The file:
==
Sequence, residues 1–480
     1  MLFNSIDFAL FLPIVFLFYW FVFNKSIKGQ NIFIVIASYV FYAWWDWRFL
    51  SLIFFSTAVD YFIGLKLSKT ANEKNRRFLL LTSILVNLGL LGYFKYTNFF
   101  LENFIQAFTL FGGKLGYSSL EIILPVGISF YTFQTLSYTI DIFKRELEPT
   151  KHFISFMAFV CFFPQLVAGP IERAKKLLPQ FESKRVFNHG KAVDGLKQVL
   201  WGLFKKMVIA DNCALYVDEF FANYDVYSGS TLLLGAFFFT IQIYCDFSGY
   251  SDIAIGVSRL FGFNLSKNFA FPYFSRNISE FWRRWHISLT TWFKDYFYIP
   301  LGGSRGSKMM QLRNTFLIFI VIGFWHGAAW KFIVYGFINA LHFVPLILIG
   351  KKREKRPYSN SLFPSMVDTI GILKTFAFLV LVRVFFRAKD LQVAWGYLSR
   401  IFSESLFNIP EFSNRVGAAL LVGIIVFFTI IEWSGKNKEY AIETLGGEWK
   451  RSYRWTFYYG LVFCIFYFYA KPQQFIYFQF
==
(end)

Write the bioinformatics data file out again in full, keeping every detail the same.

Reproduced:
Sequence, residues 1–480
     1  MLFNSIDFAL FLPIVFLFYW FVFNKSIKGQ NIFIVIASYV FYAWWDWRFL
    51  SLIFFSTAVD YFIGLKLSKT ANEKNRRFLL LTSILVNLGL LGYFKYTNFF
   101  LENFIQAFTL FGGKLGYSSL EIILPVGISF YTFQTLSYTI DIFKRELEPT
   151  KHFISFMAFV CFFPQLVAGP IERAKKLLPQ FESKRVFNHG KAVDGLKQVL
   201  WGLFKKMVIA DNCALYVDEF FANYDVYSGS TLLLGAFFFT IQIYCDFSGY
   251  SDIAIGVSRL FGFNLSKNFA FPYFSRNISE FWRRWHISLT TWFKDYFYIP
   301  LGGSRGSKMM QLRNTFLIFI VIGFWHGAAW KFIVYGFINA LHFVPLILIG
   351  KKREKRPYSN SLFPSMVDTI GILKTFAFLV LVRVFFRAKD LQVAWGYLSR
   401  IFSESLFNIP EFSNRVGAAL LVGIIVFFTI IEWSGKNKEY AIETLGGEWK
   451  RSYRWTFYYG LVFCIFYFYA KPQQFIYFQF